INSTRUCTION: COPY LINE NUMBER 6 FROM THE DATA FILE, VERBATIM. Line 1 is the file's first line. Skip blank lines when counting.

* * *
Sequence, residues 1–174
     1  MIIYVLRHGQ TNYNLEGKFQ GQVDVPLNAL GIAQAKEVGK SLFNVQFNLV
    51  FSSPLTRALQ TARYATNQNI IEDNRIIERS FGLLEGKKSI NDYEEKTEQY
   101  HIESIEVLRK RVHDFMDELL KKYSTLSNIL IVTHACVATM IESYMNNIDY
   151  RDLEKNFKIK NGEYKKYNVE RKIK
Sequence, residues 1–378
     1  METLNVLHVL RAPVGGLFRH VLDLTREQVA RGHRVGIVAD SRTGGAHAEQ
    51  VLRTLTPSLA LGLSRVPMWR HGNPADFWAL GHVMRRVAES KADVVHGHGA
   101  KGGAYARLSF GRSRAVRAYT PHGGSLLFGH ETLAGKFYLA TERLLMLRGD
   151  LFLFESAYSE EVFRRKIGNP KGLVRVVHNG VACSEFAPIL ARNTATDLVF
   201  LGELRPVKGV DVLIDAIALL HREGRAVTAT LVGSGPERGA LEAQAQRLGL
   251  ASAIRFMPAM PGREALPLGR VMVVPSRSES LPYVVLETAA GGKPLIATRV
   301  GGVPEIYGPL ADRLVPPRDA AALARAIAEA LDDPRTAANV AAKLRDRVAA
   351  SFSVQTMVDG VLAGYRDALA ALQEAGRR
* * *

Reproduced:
Sequence, residues 1–378